The European Commission has lashed out at European Council President Charles Michel after the senior Eurocrat accused the body of overstepping its constitutionally defined remit. (Photo by Thierry Monasse/Getty Images)


The feud intensifies: EC furious after Michel attack on von der Leyen

Council President Charles Michel and EC President Ursula von der Leyen enjoy tearing strips off each other in the public sphere.


The European Commission lashed out at European Council President Charles Michel on October 4 after Michel accused the Brussels executive of breaking treaty rules.

During a press briefing, a spokesman for the Commission firmly rejected the Council President’s claims that the body was not within its rights to sign a migration deal with Tunisia.

“We have indeed seen these statements by the President of the Council,” spokeswoman Arianna Podestà said.

“In our view, they are partially inaccurate, and in no way strengthen the EU’s ability to act effectively with the difficult issue of migration.”

Podestà insisted that the body had the right to sign agreements with third parties so long as they are not legally binding under international law.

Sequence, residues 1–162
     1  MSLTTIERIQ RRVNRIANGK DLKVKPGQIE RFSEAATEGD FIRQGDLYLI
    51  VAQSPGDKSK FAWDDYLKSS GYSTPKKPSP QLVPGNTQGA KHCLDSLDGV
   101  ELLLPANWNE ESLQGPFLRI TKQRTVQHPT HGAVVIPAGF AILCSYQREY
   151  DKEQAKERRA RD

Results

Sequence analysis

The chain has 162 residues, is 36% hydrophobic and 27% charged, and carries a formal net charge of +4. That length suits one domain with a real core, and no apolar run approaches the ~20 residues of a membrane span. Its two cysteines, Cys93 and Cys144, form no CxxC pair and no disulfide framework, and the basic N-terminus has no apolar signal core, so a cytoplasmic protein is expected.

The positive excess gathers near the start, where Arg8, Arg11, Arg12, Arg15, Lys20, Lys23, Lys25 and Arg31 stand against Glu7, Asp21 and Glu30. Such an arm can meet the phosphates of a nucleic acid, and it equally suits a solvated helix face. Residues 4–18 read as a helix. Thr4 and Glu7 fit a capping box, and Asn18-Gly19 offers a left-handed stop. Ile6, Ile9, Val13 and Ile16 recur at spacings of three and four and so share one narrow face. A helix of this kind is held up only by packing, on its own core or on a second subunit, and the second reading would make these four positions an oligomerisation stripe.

She went on to claim that the Commission had been transparent with the Council and national representatives regarding the Tunisian migrant deal, rebuffing claims made by Michel that many governments were outraged by the deal.

“After the conclusion of the agreement with Tunisia, several heads of government explicitly praised the outcome and encouraged the Commission to conclude further agreements along these lines,” the spokeswoman said.

Michel made the allegations in an interview with German magazine Der Spiegel. Von der Leyen was intruding upon ground reserved for national governments, he said.

Draft laws on Russia sanctions would have been “disastrous” if they had not been re-written by the Council team, he added.

The Commission spokesperson went on to attack Michel over his position on Ukraine, arguing that the Council President’s decision to demand Ukraine is let into the EU by 2030 undermines the integrity of the managing institutions.

“We don’t understand the need for this date,” she said.

“This risks undermining the confidence of many stakeholders in a fair, transparent and merit-based accession process.”

“The treaties give the European institutions a clear role as neutral and objective intermediaries in a clear and defined process.”

Such a war of words is largely par for the course for the two institutions, with Michel and EC President Ursula von der Leyen regularly tearing strips off each other in the public sphere.

Officials from the two bodies now reportedly try and avoid each other in public when possible, with the rare occasions where they are forced to interact sometimes resulting in mini-scandals that take the Eurobubble by storm.

One such incident is the infamous “sofagate“.

Occurring during a visit to Turkey, Michel is said to have taken a seat directly beside the country’s leader, Recep Tayyip Erdoğan, during a meeting, forcing Von der Leyen to make do with a faraway sofa instead.

The Commission president went on to blame the incident on sexism.